|"The Commissioners cannot, it is presumed, mean that slaughtered meat should have been forwarded in sailing transports, as vessels of that class were often, in winter, nearly a month in performing the voyage from the mainland."|
|Letter to Mr. Peel, p. 8.||Mr. Filder also says -|
|"The average quantity of fresh meat supplied by the commissariat during the five winter months, from November to March, was nearly 10 lbs. per man per month, exclusive of that furnished for the troops on board hospital-ships in harbour, the aggregate force being 158,517 men, and the quantity of fresh meat issued by the commissariat 1,525,949 lbs."|
|The issues in December fell greatly below the average, that is, to 6½ lbs. per man, in consequence of the cattle-vessels, which had been damaged in the hurricane, being still under repair during that month.|
|That the healthy did not receive the ration which these figures would indicate, was unfortunately owing to the large numbers of sick, who, in some divisions, received full rations of fresh meat daily, in others, five days a-week, thus curtailing the rations of the rest of the troops."|
LIME-JUICE (p. 9).
|The Commissioners in their Report state -|
|"That from the 10th of December the Lime-juice brought by the "Esk" was lying in the Commissariat stores at Balaklava, and none of it was issued till the first week in February, an interval during which the sufferings of the army from scurvy were probably at their height."|
|P. 374.||It appears by the evidence before us, that there is some contradiction as to the date of the arrival of the "Esk".|
|Proceedings, p. 375.||The Commissary-General stated that that vessel did not arrive until the 19th of December, in which he is confirmed by Mr. Archer. However this may be, it appears clear that the casks of lime-juice in the "Esk" were landed and delivered into the commissariat stores on the 20th of December; that information of this arrival was given to the Purveyor of Hospitals, who appears to have actually removed some of it away from the beach while it was being taken out of the vessel.|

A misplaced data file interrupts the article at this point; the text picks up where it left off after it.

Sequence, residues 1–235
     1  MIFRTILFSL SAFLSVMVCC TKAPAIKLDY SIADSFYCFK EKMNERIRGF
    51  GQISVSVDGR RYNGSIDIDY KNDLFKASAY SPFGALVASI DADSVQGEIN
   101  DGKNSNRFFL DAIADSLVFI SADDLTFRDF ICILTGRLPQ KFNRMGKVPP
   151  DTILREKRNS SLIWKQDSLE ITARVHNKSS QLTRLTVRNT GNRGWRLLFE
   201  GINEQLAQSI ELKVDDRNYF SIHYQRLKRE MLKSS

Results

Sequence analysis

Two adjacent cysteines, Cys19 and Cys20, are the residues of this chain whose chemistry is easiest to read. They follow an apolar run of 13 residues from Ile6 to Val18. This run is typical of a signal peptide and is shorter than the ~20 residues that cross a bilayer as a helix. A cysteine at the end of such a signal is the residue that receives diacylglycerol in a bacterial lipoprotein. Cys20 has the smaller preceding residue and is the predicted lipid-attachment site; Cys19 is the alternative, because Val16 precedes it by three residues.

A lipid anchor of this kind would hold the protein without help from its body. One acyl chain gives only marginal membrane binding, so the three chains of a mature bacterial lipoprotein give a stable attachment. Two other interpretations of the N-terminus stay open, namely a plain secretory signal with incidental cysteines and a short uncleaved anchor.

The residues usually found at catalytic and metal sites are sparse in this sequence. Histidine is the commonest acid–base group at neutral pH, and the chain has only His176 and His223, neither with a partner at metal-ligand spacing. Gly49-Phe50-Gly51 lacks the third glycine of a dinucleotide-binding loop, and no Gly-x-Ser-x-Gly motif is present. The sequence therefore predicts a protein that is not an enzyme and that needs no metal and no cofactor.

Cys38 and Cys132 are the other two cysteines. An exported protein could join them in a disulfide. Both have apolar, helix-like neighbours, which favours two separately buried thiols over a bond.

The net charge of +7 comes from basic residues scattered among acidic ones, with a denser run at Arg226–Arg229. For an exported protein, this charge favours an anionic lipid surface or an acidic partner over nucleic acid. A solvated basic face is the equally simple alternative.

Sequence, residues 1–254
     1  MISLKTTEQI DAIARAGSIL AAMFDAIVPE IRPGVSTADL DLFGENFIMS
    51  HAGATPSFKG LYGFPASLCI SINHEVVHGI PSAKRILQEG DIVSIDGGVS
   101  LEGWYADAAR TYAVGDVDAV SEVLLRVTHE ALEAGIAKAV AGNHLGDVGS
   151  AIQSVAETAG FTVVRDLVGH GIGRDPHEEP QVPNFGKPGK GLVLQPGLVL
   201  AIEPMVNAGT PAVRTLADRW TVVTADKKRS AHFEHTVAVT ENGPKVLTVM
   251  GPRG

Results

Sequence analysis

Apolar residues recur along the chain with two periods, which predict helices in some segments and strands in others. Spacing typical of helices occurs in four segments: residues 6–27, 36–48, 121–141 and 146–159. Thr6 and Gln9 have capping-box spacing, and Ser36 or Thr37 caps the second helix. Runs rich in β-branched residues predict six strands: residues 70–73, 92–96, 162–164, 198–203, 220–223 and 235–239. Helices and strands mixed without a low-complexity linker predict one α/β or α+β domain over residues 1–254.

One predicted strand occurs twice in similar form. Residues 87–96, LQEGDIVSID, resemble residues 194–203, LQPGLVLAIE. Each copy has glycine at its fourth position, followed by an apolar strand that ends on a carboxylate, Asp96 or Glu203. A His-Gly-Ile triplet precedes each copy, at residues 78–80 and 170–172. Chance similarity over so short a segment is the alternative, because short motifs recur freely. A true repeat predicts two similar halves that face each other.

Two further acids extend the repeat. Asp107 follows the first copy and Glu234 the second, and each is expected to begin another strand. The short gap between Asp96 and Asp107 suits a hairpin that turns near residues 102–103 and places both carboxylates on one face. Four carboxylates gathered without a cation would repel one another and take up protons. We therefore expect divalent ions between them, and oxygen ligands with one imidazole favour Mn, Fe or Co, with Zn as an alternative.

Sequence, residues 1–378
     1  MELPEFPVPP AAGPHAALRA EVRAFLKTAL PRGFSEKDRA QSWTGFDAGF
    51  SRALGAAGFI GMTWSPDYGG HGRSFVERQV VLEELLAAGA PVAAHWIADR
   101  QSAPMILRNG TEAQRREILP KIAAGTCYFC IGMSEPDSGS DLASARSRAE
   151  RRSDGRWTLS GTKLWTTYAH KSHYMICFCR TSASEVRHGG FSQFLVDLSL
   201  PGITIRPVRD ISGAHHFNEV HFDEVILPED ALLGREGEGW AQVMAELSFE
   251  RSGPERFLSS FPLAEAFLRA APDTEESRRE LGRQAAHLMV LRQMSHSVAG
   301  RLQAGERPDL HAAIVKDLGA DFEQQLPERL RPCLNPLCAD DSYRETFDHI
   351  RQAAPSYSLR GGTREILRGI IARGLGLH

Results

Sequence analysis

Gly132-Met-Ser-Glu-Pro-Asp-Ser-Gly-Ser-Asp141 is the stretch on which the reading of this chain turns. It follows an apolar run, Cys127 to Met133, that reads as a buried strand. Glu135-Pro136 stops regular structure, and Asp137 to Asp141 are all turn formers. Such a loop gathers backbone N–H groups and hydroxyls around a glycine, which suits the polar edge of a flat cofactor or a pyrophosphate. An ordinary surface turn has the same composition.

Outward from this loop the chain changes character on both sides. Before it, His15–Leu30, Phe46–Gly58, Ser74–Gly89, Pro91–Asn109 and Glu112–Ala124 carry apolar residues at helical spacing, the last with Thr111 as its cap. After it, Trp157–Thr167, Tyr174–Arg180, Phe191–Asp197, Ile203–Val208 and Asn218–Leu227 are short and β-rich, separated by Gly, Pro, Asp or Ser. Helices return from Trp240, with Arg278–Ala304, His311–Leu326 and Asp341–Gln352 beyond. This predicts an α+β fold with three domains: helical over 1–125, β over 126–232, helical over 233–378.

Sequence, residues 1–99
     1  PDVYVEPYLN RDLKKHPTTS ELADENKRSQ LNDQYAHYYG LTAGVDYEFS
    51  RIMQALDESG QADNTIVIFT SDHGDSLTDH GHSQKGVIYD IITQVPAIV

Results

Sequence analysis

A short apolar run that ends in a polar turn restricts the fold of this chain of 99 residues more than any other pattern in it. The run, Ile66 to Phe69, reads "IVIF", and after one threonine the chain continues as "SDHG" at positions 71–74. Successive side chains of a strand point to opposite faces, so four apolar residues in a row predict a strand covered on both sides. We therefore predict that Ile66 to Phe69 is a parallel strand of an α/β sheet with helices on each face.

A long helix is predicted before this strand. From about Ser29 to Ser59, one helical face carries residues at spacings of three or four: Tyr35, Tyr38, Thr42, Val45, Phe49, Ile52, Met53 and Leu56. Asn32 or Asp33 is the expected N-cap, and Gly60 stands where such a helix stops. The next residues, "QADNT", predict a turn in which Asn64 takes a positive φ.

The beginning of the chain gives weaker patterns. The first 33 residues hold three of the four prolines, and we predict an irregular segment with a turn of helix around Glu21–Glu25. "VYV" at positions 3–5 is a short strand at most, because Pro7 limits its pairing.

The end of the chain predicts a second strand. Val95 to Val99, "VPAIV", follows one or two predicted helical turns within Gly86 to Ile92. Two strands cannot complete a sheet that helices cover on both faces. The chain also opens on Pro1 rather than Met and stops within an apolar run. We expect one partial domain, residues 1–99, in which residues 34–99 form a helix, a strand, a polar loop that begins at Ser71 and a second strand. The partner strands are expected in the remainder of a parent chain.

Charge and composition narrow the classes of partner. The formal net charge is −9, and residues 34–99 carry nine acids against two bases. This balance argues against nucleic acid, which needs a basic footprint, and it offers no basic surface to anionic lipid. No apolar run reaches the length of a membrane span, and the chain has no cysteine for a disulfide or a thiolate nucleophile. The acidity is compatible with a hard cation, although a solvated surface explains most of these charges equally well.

|Proceedings, p. 375.||The Medical Department was therefore duly apprised of this supply, and Lord Raglan also appears to have been duly informed that there was lime-juice in store, but the issue of it as a regular ration to the troops generally was not authorized until the general order of the 31st of January, 1855.|
|Letter to Mr. Peel, p. 10.||Steps were promptly taken to procure supplies from Malta and Sicily, and as soon as they were procured, the issues were regularly maintained; therefore, in respect to this matter, no blame seems to attach to the Commissary-General.|
FRESH BREAD (p. 11).
|Pp. 356, 375.||Mr. Filder complains that the Commissioners have charged him with an indisposition to make the attempt of baking fresh bread.|
|Letter to Mr. Peel, p. 11.||He replies to this, and in our opinion satisfactorily, by bringing forward his purchase of three months' supply of flour for the purpose of baking bread, but contends that, as bread requires 50 per cent. more of transport for its conveyance than biscuit, "it would have been impossible in the then state of the roads, and the transport, to have found the means of carrying it up to the camp".|
|A floating mill and bakery which he had applied for did not arrive from England till the 12th of May.|
|In proportion as the state of the sea transport improved, bread was brought from Constantinople sufficient for an issue twice a-week.|
|When, on the arrival of the floating bakery, its capabilities were found insufficient, and the construction of ovens was commenced, the means existed of baking so as to allow of an issue to the troops on three days in the week.|
|Letter to Mr. Peel, p. 11.||The different organization of the French army is sufficient to explain the circumstance of their being more regularly supplied with fresh bread than was the case with the English.|
|Appendix, p. 21.||The Quartermaster-General's letter of March 21, 1855, to the Commissioners, points out the difficulties which at present exist in the British service with regard to employing soldiers as bakers.|
GREEN COFFEE (p. 12).
|Mr. Filder was in no degree responsible for the coffee not being roasted; it was sent out in a green state by the Treasury, and it was no part of Mr. Filder's duty, nor was he ordered to cause it to be roasted previously to its being delivered to the troops.|
|No complaint was made on the subject till the end of November.|
|Mr. Filder stated that a Military Board decided on issuing coffee as a ration to the troops, and that the Board knew that it was sold to the men in a green state. He added -|
|Letter to Mr.|
Peel, p. 13.
June 26, 1854.
|"Subsequently a small quantity of roasted coffee was sent out from England as an experiment, upon which I was desired to report; but although ordered in July, it did not reach the army till towards the end of September, when we were on the march from Kalamita Bay to Sebastopol; and as soon as I learnt that it was approved of, I recommended that coffee should be sent out roasted, but none arrived till about the 24th of January, from which date green coffee ceased to be issued to the troops."|